Published: 8 years ago

Jack, Jacob, and Me

Last Thursday night I hit a new level with my 13 year old.  Jacob and I went out for dessert and discussion on Mere Christianity by C.S. Lewis (nicknamed “Jack” if you’re still trying to figure out the post title).  We’re both currently reading through it and talking about it as we go.  This is a completely new thing for me, because I’ve never actually read any of Lewis’ work other than the Narnia series.

Yes, that’s probably grounds for firing if you work for J.D. Greear.

And yes, I feel like I’ve read plenty of his stuff because J.D. quotes C.S. in roughly 108% of his sermons.  If C.S. Lewis quotes were French fries, our pastor just ransacked Idaho.

Editor’s Note: Huh?

But back to Jacob.  I don’t know about you, but when I was 13 the greatest mental exercise I ever got was remembering to keep my finger out of my nose.  I’m proud of this kid and his commitment to get through a difficult book.  (I’m 35 and I have to tell you, once I figured out there were no talking lions I wanted to give up.)

I wish I could say that Jacob is reading Mere Christianity because of my influence.  I wish I could stand with other dads I’ve known who have challenged their kids on an intellectual level from a very young age.  But the truth is, Jacob is reading this book not because of me, but because of the leaders of the Summit’s Student Ministry.  Guys like Josh Lawrence and Jason Gaston have been influential in shaping his brain and helping him think through his worldview.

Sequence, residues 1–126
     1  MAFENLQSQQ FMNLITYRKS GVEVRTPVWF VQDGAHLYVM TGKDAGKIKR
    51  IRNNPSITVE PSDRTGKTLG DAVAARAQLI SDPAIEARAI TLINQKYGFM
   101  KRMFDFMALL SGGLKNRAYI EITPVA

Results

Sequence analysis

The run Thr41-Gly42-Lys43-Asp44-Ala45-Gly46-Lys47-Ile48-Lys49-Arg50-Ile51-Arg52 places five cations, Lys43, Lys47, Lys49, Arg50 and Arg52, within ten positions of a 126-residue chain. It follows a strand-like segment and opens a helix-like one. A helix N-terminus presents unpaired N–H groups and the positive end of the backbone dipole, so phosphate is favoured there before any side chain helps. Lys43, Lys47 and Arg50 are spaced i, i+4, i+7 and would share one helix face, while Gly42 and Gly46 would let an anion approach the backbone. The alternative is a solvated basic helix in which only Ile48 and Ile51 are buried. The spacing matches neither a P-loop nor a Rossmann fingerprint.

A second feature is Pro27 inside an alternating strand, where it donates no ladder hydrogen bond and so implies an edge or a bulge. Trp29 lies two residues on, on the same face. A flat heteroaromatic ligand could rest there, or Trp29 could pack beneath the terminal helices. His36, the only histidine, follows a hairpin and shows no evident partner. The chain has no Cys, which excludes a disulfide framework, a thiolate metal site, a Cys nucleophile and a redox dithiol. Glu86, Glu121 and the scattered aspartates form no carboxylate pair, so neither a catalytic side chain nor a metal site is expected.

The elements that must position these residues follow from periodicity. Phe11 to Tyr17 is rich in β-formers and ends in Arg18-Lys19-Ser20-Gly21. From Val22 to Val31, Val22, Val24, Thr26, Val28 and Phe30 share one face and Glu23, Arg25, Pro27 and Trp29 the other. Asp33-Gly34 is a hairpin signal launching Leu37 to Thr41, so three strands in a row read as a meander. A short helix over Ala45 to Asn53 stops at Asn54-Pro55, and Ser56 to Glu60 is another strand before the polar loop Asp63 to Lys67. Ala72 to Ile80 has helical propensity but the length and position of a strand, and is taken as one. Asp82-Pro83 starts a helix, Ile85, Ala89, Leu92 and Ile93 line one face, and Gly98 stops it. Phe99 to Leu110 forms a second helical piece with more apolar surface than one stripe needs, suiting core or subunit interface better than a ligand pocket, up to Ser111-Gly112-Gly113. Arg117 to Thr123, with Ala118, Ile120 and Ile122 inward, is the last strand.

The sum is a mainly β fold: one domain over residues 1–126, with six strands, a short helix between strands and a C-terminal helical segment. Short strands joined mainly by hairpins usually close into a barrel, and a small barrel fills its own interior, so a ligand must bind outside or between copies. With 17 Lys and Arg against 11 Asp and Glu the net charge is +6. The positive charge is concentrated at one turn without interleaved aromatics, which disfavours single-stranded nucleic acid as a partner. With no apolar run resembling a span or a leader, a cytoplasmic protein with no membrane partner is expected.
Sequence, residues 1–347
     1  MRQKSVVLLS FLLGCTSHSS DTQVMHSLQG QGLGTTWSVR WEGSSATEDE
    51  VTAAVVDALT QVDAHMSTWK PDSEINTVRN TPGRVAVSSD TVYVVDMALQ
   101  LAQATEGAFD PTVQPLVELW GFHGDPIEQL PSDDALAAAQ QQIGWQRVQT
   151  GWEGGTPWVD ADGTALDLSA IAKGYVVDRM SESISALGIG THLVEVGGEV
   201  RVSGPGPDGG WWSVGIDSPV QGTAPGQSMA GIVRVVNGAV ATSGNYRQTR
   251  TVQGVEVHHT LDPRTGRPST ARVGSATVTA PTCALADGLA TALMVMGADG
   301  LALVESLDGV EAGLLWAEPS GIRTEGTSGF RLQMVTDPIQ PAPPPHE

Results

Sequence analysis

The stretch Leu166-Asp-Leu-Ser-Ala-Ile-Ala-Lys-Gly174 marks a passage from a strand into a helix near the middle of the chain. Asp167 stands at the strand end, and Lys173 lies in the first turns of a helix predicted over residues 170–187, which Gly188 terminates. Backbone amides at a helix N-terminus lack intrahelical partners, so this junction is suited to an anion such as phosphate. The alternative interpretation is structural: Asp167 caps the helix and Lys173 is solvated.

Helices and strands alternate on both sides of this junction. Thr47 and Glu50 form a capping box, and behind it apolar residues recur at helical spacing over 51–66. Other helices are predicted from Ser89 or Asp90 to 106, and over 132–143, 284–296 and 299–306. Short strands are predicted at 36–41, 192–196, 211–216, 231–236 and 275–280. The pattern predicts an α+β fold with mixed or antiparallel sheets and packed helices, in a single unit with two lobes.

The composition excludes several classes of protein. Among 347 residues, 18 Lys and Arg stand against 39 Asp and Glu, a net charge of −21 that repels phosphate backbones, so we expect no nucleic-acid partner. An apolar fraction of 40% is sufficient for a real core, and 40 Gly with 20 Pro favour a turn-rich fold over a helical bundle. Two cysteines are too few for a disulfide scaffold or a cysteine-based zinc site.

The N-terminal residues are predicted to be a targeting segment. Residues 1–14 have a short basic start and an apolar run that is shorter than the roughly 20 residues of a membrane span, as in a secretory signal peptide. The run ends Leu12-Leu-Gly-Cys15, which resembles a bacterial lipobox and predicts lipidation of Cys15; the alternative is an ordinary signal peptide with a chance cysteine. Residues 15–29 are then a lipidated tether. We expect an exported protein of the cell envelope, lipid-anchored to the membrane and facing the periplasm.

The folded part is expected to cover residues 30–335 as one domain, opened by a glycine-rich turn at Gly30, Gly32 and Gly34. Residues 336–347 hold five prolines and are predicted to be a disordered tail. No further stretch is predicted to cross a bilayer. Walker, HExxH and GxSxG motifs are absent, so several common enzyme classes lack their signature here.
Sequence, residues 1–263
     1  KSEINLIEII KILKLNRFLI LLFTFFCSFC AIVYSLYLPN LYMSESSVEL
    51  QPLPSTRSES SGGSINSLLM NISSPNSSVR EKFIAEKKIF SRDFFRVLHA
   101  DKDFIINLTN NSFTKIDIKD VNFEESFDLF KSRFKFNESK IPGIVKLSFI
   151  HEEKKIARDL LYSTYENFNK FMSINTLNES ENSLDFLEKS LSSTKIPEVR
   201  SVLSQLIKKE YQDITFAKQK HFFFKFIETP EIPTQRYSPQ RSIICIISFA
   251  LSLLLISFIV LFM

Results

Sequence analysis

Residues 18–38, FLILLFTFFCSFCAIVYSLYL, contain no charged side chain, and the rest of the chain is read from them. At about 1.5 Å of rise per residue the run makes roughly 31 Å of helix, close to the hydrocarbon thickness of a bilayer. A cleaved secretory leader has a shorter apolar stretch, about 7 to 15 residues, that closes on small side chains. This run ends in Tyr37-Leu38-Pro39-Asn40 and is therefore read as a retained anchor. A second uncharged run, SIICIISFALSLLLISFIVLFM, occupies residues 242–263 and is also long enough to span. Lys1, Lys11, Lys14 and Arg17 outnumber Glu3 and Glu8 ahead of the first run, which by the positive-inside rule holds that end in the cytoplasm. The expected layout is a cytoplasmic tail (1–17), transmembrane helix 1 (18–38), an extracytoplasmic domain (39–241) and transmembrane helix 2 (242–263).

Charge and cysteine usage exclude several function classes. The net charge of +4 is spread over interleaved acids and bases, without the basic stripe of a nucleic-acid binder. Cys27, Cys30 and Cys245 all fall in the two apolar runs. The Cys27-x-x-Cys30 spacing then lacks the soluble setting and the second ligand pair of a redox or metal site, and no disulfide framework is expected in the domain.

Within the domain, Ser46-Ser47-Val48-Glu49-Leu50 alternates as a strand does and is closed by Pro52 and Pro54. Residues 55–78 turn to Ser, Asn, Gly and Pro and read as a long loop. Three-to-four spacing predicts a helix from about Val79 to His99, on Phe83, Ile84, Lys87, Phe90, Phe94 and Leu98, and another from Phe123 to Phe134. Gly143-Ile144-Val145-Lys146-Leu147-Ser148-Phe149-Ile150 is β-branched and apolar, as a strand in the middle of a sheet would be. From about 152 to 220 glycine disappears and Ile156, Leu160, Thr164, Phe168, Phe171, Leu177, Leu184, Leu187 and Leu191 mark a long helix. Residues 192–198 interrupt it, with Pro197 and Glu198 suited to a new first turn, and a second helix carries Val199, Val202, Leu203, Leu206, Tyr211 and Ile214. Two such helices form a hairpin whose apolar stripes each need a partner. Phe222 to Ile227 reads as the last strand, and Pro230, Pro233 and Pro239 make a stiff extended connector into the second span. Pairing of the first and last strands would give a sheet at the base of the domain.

From a former youth pastor’s perspective, I know that student ministry gurus can only supplement what parents are teaching at home.  But I say to my shame that Jason and his team have taken my kids to new heights in their relationship with Jesus, not because I can’t, but because I haven’t.  I was the one who picked up Mere Christianity as an afterthought only because I was challenged by the fact that my first-born was reading it and I never have. 

However, I’m committed to walking through the book with him, and learning beside him.  I told Jacob last week that he was pretty dang fortunate to have a church like the Summit and a pastor like Gaston and small group leaders like Josh and Nathan, and I hope he realized the truth in that.  These guys are the real deal.  They’re a blast to work with, and they’re hard-core in their love for kids the kids of the Summit Church and beyond.

2 Comments.
  1. Alice says:

    I, too, have realized that my grandchildren do not seem to know what I thought I had been teaching them. We do a lot of teaching with these children. Our daughter is a great example, to me, that we taught her well. Kinda like drill sergeants but…
    So we’ve begun a new venture with the grandchildren of reading and praying with them in the more adult/ child appropriate manner. They already did a lot of things but I feel that it’s time to raise the bar. Per Jewish thought a child begins to function more as an adult at 12 (where was Jesus at 12?–the temple). So now at this birthday we begin a new season of instruction. The joy is seeing your fruit some few years from now. It cannot be topped! Do not grow weary in doing good.

  2. Jason says:

    thanks for your kind words Franks. It’s an honor to serve your family for the kingdom. I love you guys

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